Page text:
Get the CD Now!

Book of Noah

Prior to the Second Century B.C.

Discuss this text or ask a question on the official Early Writings forum. Anyone can post.

Online Text for Book of Noah

Online Resources for Book of Noah

Offline Resources for Book of Noah

Information on Book of Noah

Leonhard Rost writes: "As noted above, a Book of Noah has been included with the Enoch traditions; we shall deal with it first. It is found in 6-11; 39:1-2a; 54:7-55:2; 60; 65:1-69:25; and 106-107, albeit in incomplete and fragmentary form. The beginning, which would introduce the figure of Noah to speak what follows, has been lost. The interpolation of this book took place very early. For example, the list of fallen angels designates Azazel as their leader in chapter 8; chapter 6 records Semyaza in the same role. The most important themes are: the fall of the angels and the details of the angels' pernicious secret arts made known to men at the time of their fall; the threatened Deluge and the vision of a paradisal age of salvation without any messianic figure; and an account of the birth of Noah as being accompanied by miracles. The Book of Noah is mentioned in Jubilees 10:13 and 21:10. It is less likely that these Noah fragments derive from a Book of Lamech, mentioned in a Greek list of apocryphal writings, than from Enoch. The Book of Noah presupposes the existence of an Enoch tradition. It probably came into being in Palestine (specifically, Jerusalem) around the beginning of the second century B.C. before the appearance of the Maccabees." (Judaism Outside the Hebrew Canon, p. 137)

James Charlesworth writes: "During the early parts of the second century B.C. a pseudepigraphon circulated that contained considerable material concerning Noah. The tradition was not merely oral but had been written down, since the author of Jubilees (SPR NH, 10:13; cf. 21:10) and of an interpolation in the Testament of Levi 18:2 (en te graphe tes biblou tou Noe, vs. 57 in Greek MS e; cf. R. H. Charles, The Greek Versions of the Testaments of the Twelve Patriarchs. Oxford: OUP, 1908 [repr. 1960]; pp. liii-lvii, 252; APOT 2, pp. 364-67) refer to a 'Book of Noah' (J. P. Lewis, no. 448, questions the existence of a book of Noah). The work is now lost except for excerpts preserved in 1 Enoch (viz., 6:1-11:2, 54:7-55:2, 60:1-24, 65:1-69:25, 106:1-107:3) and Jubilees (viz., 7:20-39, 10:1-15, 20:7, 21:10), for 21 fragments preserved in Qumran Cave 1 (1QNoah, cf. DJD 1, pp. 84-86, 152, pl. XVI), and for two large fragments found in Cave 4 that are not yet published (cf. J. Starcky, 'Cave 4 of Qumran,' BA 19 [1956] 94-96). The work disappeared early; Noah's name does not appear in the numerous lists of apocryphal books." (The Pseudepigrapha and Modern Research, pp. 166-167)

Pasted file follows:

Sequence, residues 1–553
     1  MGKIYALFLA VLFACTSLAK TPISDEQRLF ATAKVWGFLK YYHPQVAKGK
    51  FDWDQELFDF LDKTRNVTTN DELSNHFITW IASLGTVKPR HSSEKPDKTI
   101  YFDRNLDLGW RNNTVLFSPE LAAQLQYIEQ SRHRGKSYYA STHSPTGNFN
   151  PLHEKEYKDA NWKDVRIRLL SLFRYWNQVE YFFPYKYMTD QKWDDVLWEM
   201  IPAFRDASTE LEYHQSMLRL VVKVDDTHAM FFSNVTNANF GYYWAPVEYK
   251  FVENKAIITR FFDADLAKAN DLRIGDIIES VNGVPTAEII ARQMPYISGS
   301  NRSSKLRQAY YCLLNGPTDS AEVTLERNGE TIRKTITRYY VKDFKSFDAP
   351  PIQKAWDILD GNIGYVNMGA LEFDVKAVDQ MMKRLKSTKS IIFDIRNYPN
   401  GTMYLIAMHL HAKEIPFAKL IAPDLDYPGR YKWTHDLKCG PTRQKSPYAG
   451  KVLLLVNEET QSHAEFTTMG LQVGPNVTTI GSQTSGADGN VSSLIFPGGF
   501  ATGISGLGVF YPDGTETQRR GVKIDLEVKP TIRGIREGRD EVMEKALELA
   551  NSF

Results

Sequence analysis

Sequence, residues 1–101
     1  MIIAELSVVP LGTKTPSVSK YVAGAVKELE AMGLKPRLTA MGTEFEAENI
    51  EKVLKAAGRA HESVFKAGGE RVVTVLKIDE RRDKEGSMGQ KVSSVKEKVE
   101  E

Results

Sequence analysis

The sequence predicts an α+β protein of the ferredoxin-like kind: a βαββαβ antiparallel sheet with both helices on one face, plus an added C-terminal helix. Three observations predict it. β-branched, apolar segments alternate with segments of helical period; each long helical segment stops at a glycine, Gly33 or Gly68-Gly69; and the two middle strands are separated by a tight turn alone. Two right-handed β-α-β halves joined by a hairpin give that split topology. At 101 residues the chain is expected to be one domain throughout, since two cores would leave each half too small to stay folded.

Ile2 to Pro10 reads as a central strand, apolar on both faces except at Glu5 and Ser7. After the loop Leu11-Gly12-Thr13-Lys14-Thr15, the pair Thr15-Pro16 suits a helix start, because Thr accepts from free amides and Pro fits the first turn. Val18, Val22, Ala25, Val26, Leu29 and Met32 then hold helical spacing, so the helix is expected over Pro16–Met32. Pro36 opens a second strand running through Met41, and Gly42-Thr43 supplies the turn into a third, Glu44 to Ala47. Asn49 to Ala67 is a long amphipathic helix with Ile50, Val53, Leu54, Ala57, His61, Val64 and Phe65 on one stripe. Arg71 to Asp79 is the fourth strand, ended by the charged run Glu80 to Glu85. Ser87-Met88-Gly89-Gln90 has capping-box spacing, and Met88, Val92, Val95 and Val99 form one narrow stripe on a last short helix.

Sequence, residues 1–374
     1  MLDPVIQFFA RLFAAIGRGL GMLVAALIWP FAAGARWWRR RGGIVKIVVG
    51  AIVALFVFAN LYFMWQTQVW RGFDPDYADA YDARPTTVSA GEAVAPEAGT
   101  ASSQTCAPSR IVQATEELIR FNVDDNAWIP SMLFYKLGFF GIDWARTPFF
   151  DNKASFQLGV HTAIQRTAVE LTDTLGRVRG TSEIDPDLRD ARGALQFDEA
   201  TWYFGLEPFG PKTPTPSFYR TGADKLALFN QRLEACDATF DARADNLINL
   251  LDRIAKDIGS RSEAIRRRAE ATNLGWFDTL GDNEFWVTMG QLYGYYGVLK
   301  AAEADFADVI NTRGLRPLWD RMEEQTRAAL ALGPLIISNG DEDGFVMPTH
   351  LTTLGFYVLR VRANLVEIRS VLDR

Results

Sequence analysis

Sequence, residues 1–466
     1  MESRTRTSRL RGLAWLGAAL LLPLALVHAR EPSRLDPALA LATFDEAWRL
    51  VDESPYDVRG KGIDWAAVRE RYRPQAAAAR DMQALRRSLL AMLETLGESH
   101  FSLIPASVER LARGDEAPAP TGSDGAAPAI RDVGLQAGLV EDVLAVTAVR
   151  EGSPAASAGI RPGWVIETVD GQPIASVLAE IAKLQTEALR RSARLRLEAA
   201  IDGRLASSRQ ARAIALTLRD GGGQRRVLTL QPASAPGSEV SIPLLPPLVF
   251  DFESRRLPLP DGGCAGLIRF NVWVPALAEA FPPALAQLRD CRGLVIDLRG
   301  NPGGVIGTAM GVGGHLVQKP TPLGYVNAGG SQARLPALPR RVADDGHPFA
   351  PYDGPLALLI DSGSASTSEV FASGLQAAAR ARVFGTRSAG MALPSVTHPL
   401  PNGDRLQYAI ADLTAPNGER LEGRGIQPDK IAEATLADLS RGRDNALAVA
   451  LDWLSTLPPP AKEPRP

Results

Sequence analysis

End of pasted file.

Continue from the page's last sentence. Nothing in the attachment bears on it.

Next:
Please buy the CD to support the site, view it without ads, and get bonus stuff!

Early Jewish Writings is copyright © 2001-2013 Peter Kirby <E-Mail>.

Get the CD Now!

Kirby, Peter. Early Jewish Writings. <>.